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UN calls 2016 deadliest year for Mediterranean refugees

[JURIST] The UN Refugee Agency (UNCHR) [official website] on Wednesday called 2016 the worst year for refugees [press release] crossing the Mediterranean Sea as the death toll reached its highest point. The agency expressed concern because the current death tolls are on track to supersede the already high numbers from 2015. The agency believes the death rates are due to changes in smuggling techniques, crossing a known "perilous route" and moving large masses of individuals at one time. The agency also noticed an increase in the usage of watercraft that are not designed for the voyage or to transfer multiple people.

UNHCR is alarmed at the high death toll being seen this year among refugees and migrants crossing the Mediterranean. Already, and with two months of 2016 still to go, at least 3,740 lives are reported lost—just short of the 3,771 deaths reported for the whole of 2015. This is the worst we have seen. The high loss of life comes despite a large overall fall this year in the number of people seeking to cross the Mediterranean to Europe. Last year at least 1,015,078 people made the crossing. This year so far, crossings stand at 327,800. From one death for every 269 arrivals last year, in 2016 the likelihood of dying has spiralled to one in 88. On the Central Mediterranean route between Libya and Italy the likelihood of dying is even higher, at one death for every 47 arrivals.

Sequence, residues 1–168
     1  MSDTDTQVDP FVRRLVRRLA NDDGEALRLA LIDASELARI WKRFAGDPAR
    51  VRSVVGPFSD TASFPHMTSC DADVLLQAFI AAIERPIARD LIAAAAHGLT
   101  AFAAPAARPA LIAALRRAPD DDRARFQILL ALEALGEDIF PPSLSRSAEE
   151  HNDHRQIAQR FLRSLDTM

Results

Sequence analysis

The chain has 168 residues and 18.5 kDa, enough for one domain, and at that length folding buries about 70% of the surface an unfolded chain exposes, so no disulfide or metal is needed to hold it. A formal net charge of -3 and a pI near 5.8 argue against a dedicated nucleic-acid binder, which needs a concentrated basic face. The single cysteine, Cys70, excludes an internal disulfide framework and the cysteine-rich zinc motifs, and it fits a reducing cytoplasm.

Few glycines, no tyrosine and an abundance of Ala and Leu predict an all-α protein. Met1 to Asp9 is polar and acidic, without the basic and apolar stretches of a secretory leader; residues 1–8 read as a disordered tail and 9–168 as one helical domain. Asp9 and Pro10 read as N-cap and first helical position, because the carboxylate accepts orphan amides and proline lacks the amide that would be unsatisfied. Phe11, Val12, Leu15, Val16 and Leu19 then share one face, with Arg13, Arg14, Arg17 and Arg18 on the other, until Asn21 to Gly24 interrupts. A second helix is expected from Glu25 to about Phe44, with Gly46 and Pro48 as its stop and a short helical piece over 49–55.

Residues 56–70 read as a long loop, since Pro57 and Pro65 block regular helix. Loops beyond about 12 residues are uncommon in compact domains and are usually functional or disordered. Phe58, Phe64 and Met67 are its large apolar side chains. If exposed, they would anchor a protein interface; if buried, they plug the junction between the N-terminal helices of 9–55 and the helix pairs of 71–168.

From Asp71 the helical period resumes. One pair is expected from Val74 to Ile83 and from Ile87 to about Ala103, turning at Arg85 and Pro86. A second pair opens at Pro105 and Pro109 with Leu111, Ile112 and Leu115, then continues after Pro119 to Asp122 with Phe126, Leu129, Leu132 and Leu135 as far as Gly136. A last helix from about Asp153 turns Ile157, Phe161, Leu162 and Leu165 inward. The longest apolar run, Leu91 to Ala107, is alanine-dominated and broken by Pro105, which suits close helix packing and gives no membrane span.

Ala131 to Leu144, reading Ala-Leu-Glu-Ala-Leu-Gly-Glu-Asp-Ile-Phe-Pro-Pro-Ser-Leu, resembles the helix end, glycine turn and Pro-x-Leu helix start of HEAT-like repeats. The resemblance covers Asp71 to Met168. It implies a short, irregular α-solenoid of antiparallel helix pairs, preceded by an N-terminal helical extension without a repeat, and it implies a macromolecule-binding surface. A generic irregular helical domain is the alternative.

UNHCR called for greater international efforts, including, "enhanced resettlement and humanitarian admissions, family reunification, private sponsorship, and humanitarian, student and work visas for refugees."

An administrative court in Lille, France, on last Tuesday rejected [JURIST report] requests from almost a dozen aid groups and permitted the closure process of the "Jungle" migrant camp near Calais to continue. Amnesty International (AI) in early October called [JURIST report ] on wealthy nations to become more active in solving the refugee crisis after discovering that 10 nations making up less than 2.5 percent of the world's GDP have taken in more than half of all resettled persons. In the same month the US Court of Appeals for the Seventh Circuit affirmed [JURIST report] an Indiana district court ruling that blocked Indiana's effort to prevent resettlement of Syrian refugee families in the state.

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